Another issue raised, and which I intend to deal with at length because it has a great bearing on all other issues raised and the facts of both applications is that of Mala fide.. The applicant came to court to obtain by hook or crook, an order restraining the respondent finally and permanently from competing in the market for sale, supply and distribution of LPG. The Trade customary practice of cylinder exchange amongst the supplier was elaborately explained by applicant which shows that it knew its rights in that regard perfectly. In order to obtain my sympathy, (and I did feel sympathetic towards the applicant), lies were told. Deliberate and carefully calculated omission were made. It is a lie that the respondent fills or refills the applicant's cylinders with respondent's own LPG. It was a deliberate and carefully calculated omission to fail to mention that these two parties, participate fully, as often as anyone of them feels the need to do so, in that trade customary exchange of their cylinder. It was malicious to obtain by deception honerous and prejudicial interim order without notice to the respondent, more particularly, when recent exchanges had taken place and more exchanges could take place anytime as applicant wanted. Its detectives failed to determine that the respondent deals with Afrox cylinders. Following their (false) report, Afrox empty cylinders were in fact collected by applicant from the respondent. The applicant has nevertheless come to court to restrain the respondent from competing with it. The respondent is falsely accused of committing offences when in fact applicant is the person committing those offences alleged, falsely, against the respondent. The applicant has no branch offices and/or agencies so labelled here in Lesotho. Applicant makes use of distribution network. There is no mention as I have indicated earlier on of what this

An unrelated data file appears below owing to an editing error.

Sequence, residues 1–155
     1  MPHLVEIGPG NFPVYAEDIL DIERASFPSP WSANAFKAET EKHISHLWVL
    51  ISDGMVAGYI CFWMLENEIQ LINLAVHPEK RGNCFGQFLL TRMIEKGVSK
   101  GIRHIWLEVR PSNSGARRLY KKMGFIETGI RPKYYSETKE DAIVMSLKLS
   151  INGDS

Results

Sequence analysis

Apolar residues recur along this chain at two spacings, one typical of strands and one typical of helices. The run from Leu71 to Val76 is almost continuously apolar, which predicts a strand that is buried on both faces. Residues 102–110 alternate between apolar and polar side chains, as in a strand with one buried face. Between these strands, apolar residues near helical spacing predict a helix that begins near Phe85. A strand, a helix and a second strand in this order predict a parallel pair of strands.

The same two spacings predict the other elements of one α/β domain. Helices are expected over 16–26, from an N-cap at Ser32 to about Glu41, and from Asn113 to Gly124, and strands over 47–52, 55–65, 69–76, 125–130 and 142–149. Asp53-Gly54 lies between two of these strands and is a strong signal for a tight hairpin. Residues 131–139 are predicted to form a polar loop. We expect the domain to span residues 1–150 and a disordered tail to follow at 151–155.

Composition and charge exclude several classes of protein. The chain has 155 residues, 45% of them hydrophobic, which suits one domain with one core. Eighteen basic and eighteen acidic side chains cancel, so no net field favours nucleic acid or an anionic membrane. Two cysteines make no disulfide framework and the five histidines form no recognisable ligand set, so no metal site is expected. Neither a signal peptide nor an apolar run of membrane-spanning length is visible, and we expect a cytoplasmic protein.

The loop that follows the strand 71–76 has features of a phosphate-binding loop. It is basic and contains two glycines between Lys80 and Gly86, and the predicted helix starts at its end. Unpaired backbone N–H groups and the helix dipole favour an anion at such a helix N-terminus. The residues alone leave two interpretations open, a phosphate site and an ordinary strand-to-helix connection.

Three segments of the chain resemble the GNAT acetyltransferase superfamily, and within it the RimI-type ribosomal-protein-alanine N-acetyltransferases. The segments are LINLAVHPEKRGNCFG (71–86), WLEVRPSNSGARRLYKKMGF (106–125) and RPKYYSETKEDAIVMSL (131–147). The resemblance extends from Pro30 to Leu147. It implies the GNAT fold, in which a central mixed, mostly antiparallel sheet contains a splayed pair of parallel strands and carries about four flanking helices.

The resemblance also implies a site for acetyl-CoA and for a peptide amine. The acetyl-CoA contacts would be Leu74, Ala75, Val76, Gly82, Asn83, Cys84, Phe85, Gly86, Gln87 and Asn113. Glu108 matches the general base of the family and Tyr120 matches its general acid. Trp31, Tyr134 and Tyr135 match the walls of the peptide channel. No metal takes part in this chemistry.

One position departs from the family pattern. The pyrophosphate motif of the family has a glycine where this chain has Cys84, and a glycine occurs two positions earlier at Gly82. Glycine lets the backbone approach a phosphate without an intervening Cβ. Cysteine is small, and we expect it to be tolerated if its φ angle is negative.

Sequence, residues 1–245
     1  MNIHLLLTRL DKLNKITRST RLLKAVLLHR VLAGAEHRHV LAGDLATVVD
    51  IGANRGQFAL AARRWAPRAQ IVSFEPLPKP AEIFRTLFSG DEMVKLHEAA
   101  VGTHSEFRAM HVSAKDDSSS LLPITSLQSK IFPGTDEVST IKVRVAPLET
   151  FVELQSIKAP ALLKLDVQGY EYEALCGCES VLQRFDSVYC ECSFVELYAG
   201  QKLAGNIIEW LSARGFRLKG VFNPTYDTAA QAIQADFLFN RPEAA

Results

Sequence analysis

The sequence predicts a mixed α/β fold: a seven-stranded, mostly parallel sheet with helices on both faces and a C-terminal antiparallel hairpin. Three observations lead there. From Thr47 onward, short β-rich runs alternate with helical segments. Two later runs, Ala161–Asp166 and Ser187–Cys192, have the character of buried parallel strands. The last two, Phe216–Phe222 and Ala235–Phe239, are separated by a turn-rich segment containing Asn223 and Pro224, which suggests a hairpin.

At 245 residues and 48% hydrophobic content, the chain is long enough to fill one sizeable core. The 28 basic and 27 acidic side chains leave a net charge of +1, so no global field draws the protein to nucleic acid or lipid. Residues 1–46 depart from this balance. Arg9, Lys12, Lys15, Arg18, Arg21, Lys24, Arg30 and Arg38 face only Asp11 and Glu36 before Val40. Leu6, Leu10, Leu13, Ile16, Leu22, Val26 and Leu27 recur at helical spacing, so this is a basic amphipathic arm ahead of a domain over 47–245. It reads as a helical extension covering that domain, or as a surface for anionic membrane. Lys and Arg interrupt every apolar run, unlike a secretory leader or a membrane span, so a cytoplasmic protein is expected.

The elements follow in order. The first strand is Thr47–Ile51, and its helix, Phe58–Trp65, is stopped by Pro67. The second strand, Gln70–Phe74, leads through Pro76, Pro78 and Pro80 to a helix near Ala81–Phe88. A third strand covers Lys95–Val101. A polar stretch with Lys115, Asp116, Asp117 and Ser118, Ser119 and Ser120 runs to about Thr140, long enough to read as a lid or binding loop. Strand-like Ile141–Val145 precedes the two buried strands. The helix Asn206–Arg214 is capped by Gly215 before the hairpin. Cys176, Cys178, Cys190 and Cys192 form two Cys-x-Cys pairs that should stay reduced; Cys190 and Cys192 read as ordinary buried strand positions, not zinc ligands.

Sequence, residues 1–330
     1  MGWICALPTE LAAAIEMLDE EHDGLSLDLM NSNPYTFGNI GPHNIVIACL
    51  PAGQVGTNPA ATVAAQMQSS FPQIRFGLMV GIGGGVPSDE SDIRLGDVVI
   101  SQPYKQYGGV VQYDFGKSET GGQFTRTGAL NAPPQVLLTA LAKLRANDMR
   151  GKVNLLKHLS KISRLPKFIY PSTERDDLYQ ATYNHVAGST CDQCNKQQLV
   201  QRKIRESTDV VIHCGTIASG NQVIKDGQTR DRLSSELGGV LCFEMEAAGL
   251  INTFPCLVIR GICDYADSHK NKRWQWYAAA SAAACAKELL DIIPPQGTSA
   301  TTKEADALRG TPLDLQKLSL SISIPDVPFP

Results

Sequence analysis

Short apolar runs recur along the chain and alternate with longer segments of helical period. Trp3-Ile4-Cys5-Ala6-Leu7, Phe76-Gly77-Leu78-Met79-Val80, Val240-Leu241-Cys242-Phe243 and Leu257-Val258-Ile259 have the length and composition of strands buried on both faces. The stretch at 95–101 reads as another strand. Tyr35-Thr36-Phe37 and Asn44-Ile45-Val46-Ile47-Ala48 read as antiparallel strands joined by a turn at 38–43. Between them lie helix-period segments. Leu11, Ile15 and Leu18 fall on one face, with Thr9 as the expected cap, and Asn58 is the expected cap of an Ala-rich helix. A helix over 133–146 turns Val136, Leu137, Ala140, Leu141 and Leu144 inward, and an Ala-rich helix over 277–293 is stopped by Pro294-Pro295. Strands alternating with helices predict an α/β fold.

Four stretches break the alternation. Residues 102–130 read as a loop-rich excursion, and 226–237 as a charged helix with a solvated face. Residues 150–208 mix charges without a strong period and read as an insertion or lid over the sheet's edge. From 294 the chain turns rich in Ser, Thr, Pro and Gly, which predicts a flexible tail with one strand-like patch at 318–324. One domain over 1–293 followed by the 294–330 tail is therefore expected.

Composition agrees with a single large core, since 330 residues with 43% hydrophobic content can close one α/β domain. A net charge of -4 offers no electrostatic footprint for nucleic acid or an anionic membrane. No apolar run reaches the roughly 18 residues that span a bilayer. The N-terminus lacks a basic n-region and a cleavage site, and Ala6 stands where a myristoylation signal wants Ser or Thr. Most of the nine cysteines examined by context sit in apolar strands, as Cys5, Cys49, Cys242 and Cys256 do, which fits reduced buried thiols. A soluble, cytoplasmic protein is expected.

distribution network consists of e.g. shop, depots, wholesales etc. The respondent has alleged and produced a photograph to substantiate the allegation, that the unlawful acts of filling or refilling of cylinders belonging to another wholesaler, without that other wholesaler's consent, are committed by this applicant. On the 25th May 1999 it should be noted that by this date, the applicant had in its possession the ex-parte court order obtained on 8th May 1999. An observation was made by and photographs taken by the deponent of the answering affidavit, of the refilling or filling of the ELFgas cylinder owned by the respondent at the applicant's depot at Teyateyaneng here in Lesotho. The applicant does not deny that the unlawful conduct photographed by the respondent at that Teyateyaneng Depot did take place. The denial relates to the name used, not the unlawful act. It is argued that the applicant uses a distribution network. That refilling of ELFgas cylinder by the applicant's LPG which is not denied, is for the benefit of the applicant. It is being done in the furtherance of the applicant's own business that of distributing and selling of its LPG. It is not claimed that applicant's distributor was refilling ELFgas cylinder with ELFgas LPG. Applicant actually uses these distribution network. If unlawful acts are committed by applicant's distributors, the liability for such acts must go to the supplier - applicant herein. The allegation that those distributors are refilling respondent's gas cylinders against applicant's policy, does not help this applicant's case. It is the applicant's duty to enforce its policy. The failure to enforce its own policy is still its responsibility and must be visited with liability for failing in its obligations to respect the law. Its distribution network is distributing on its behalf and for the furtherance of its business.